We are (more or less) back in routine, and are continuing in our reading lessons from Big Red Barn by Margaret Wise Brown. If you are new around here, I posted my introduction to this series here.
One thing that's new this new year is that I got a new resource! I'm hoping that Peggy Kaye's Games for Reading will give me some ideas to add some variety to our reading lessons while I continue to follow my own course. I also received a package of Scrabble fridge magnets for Christmas. I've been making crosswords on the fridge myself, but I'm thinking the letters may be useful for a reading lesson or two as well.
This was the first lesson following our Christmas/New Year's break. I decided to start off by finding out how much SA had retained of our first lessons. I used an activity called "Word Ladder" from Games for Reading. I quickly drew a ladder with twelve steps on a sheet of paper. Then I wrote fifteen words on index cards:
I got a little tiger out of the toys, and we used it to climb the ladder. For every word he read immediately and correctly, he moved up one step. We put these words into an "easy" envelope. He got ten of them. We put the words that he didn't get immediately into a "hard" envelope to work on later in the week. These are the five words that went into that envelope.
SA enjoyed this game, and the whole lesson took about five minutes or so.
For this lesson, I decided to teach SA the suffix -ing. I made several words on the refrigerator using my new magnetic scrabble letters.
learn (this was a new one for him)
Then I told him the sound the letters -ing make, and put them behind each word in turn. He read the new, longer words with no problem.
This lesson took probably three minutes. He clearly continued to think about it, though, as later in the afternoon he came to me and said, "Mama, singing has -ing in it."
"Yes, it actually has two -ing's in it," I replied. "Let's go make that word on the fridge."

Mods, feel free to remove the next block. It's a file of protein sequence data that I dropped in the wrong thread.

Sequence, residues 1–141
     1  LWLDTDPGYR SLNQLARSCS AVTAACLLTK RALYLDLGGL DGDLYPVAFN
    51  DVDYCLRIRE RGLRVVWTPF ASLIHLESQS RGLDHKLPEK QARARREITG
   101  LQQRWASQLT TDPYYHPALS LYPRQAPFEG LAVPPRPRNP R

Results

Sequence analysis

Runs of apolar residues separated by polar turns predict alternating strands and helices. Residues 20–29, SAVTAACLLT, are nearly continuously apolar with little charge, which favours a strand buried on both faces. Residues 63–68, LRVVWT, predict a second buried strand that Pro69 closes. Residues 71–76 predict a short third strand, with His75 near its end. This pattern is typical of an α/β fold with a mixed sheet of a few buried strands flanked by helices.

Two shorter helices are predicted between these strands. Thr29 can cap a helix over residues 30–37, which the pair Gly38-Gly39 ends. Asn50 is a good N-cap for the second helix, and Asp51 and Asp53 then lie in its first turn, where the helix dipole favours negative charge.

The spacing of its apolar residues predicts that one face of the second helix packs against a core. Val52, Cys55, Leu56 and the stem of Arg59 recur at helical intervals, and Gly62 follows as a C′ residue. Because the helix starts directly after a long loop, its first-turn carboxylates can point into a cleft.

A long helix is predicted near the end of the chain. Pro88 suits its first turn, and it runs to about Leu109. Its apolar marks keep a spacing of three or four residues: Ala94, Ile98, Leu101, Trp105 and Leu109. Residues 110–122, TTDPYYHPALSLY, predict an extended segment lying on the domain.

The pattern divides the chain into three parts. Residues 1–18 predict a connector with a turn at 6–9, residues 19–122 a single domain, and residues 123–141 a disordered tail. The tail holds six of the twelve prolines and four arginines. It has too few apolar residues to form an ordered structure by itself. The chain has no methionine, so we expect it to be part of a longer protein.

And we did.
I did another lesson using the scrabble letters. I didn't do a phonics lesson related to the word "course," as I really couldn't think of another word where that particular combination of letters (-ourse) make the same sound.
First, I wrote "OF COURSE" in scrabble letters on the fridge. I asked SA to read it.
"Of cowrse?" he read hesitantly.
"Of course," I said.
Next, I asked him to look at the word very carefully, so that he could see the letters in his head.
Then I mixed up all the letters and asked him to spell it again.
He did not do very well: "OF CORUSE"
I quickly put the words in the correct order again (I didn't want the incorrect spelling to register in his brain, especially as he seems to be a very visual learner.).
Then I mixed up the letters again, and I had a turn spelling it correctly.
I gave him another turn, and this time he spelled it "OF CORSUE."
I corrected it again, but didn't prolong the lesson. I'm starting to realize that he "sight reads" words so quickly and easily by sounding out the first and last sounds and guessing what's in between. He has also mixed up "green" and "golden" occasionally, which would indicate the same technique. I'm not sure how good or bad that is at this stage. For now, I just encouraged him to look very carefully at the letters.
One interesting thing, though. He can read the word "course" now. He hasn't missed it since this lesson.
Big Red Barn Reading Lesson 1
Big Red Barn Reading Lessons 2 and 3
Big Red Barn Reading Lesson 4
The Awesome Mystery of Growth in Reading